Longsjo Classic




By Anna Burgess, aburgess@sentinelandenterprise.com

FITCHBURG — The upcoming Longsjo Classic bike race is a big deal for the North Central

Jerry Beck, founder and artistic director of the Revolving Museum, shows off the 9 1/2-foot-tall, 12-foot-long bicycle he and a group of students built to promote the upcoming Longsjo Classic.COURTESY REVOLVING MUSEUM

Jerry Beck, founder and artistic director of the Revolving Museum, shows off the 9 1/2-foot-tall, 12-foot-long bicycle he and a group of students built to promote the upcoming Longsjo Classic. COURTESY REVOLVING MUSEUM

Massachusetts region, and this year, the Fitchburg Revolving Museum has created a bicycle sculpture as big and impressive as the race itself.

The huge, colorful bike was commissioned by the Longsjo Foundation, created by the Revolving Museum, and paid for by Wyman’s Liquors.

Starting this week, it will be put onto a trailer by local business owner Rick Ruberti and driven around the three cities that will host the Longsjo race — Fitchburg, Leominster and Worcester.

The bike will serve as a promotion for the race, but will also appear at each day of the race itself.

“In some ways, having this bike travel around the three cities is a fabulous way to tie our region together,” said Jerry Beck, the Revolving Museum’s founder and artistic director.

Local Arthur Longsjo Foundation member Donn Ingemie said he approached Beck several months ago about creating something to promote the race.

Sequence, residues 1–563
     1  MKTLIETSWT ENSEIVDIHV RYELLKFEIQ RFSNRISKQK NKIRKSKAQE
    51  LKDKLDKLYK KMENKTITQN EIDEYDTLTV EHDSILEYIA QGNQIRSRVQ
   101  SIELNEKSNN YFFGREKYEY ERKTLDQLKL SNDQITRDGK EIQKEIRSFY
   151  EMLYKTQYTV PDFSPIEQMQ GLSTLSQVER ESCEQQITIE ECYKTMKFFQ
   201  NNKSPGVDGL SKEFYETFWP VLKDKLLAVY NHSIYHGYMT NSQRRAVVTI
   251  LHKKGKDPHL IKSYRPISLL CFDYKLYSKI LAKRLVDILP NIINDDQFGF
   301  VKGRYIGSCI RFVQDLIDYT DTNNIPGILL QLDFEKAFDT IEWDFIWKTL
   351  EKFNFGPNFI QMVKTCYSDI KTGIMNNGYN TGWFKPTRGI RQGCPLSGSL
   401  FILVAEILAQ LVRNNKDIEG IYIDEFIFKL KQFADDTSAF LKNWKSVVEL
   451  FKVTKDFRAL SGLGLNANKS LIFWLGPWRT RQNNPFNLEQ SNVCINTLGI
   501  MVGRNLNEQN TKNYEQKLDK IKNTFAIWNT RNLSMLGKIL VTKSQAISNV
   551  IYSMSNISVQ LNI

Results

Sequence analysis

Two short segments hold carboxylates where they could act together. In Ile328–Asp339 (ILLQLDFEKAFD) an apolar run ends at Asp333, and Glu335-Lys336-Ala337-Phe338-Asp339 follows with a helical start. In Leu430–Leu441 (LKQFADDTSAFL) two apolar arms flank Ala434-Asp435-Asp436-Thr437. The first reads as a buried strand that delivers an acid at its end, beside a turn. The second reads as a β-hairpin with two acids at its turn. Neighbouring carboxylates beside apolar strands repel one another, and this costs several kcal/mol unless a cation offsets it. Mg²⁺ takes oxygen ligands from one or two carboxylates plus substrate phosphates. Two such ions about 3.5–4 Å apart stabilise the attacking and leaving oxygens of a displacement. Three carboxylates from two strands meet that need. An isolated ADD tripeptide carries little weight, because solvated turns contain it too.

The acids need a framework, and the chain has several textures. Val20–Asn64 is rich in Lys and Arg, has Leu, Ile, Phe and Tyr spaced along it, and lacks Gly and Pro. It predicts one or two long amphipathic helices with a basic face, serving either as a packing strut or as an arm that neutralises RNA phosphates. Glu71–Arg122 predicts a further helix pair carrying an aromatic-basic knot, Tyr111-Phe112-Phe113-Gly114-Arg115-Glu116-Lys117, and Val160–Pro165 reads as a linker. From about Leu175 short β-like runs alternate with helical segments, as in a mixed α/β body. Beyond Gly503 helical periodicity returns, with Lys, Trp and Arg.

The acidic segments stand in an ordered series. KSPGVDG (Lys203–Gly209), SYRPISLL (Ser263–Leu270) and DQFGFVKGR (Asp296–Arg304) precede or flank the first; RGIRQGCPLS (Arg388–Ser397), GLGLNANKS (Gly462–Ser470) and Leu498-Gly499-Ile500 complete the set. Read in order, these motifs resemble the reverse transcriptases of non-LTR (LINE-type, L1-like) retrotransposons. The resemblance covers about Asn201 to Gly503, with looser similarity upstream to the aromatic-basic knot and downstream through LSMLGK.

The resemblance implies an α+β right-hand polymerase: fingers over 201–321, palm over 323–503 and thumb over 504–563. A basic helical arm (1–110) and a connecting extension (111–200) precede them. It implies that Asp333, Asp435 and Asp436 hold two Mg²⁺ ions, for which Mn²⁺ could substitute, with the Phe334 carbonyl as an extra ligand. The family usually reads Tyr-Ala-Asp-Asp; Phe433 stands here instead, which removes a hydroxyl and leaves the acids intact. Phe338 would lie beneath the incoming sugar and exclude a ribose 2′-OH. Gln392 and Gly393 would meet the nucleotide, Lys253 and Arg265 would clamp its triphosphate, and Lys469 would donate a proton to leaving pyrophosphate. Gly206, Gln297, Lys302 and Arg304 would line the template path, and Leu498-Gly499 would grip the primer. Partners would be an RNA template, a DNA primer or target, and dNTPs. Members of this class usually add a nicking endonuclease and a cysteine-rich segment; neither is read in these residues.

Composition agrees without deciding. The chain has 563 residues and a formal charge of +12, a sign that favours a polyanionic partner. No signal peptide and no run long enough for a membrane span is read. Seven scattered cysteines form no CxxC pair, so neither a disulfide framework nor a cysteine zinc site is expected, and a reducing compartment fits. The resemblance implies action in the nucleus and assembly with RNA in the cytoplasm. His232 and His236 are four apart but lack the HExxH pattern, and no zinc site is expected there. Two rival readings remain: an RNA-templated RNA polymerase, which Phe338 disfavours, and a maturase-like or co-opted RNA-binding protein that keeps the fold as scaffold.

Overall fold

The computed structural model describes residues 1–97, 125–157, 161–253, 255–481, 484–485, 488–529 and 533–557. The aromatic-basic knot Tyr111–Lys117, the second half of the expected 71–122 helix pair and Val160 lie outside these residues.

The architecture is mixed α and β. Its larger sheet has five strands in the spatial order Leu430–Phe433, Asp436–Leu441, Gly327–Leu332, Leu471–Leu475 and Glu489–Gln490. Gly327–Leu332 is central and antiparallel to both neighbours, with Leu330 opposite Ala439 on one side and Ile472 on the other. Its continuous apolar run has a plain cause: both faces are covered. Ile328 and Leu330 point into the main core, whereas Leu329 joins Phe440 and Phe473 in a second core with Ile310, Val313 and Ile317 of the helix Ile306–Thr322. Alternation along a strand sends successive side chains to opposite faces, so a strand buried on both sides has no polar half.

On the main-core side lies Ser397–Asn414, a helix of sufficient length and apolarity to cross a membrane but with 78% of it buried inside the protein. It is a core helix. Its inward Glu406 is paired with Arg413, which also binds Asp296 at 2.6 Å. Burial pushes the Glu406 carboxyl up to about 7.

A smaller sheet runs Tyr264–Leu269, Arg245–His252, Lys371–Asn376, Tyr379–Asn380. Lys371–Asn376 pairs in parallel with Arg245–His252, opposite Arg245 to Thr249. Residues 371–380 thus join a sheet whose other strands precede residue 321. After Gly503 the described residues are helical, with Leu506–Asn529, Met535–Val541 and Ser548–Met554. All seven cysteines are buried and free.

“We had the idea that we wanted to do something extravagant,” Ingemie said. “Jerry said, ‘Let me think about it,’ and then came back and said, ‘Let’s do a giant bike.’ This year, we’re having a lot of kids races, and Jerry said (his) artworks are all constructed by students in the three cities, and I said that’s perfect.”

Beck’s bike, which was completed Monday evening after four days of work, is an impressive 9 1/2 feet tall and 12 feet long.

It’s made entirely out of recycled bike parts, Beck said, some of which he and his volunteers found on city streets and some of which were donated by Gear Works Cyclery.

The recycled components were welded together with the help of labor and materials from Bri-Co Welding, and then covered with recycled, colored tape. Though the bike can’t actually function, Beck said it “does have some spinning, kinetic pieces to it.”

Beck was assisted with the project by about 25 local students and community members from Fitchburg, Leominster and Worcester.

“They were really great help, very enthusiastic,” he said.

Several Goodrich Academy students created colorful, abstract designs to decorate the bike’s wheel spokes. Three students — Bow L’Ecuyer, Dylan Lydick and Ayana Brodieur — helped Beck on all three days of his bike-construction workshop.

Ingemie said the students’ involvement fits well with the idea of the event.

“Kids’ races have always been a part of it, but this year we’re really pumping it up,” he said.

Local volunteers for the foundation are passing out thousands of fliers to Leominster and Fitchburg students this week, encouraging them to register for the races. There will also be more races for children than in past years, and all children participating will receive medals.

Ingemie said he’s happy with how the bike turned out.

“Jerry did a great job,” he said. “I was blown away when I first went to his driveway and saw the bike.”

Beck, for his part, is excited for the Revolving Museum to be part of the historic Longsjo Classic.

“Using public art as a catalyst to get people creative and inspired is a wonderful way to market the region and to raise the visibility of the race and get young people involved in riding bikes,” Beck said. “It’s fantastic synergy between the race and the Revolving Museum.”

Read more: http://www.sentinelandenterprise.com/news/ci_28280148/one-wheely-big-bike-revolving-museum-fitchburg-has#ixzz3jHo1KGnV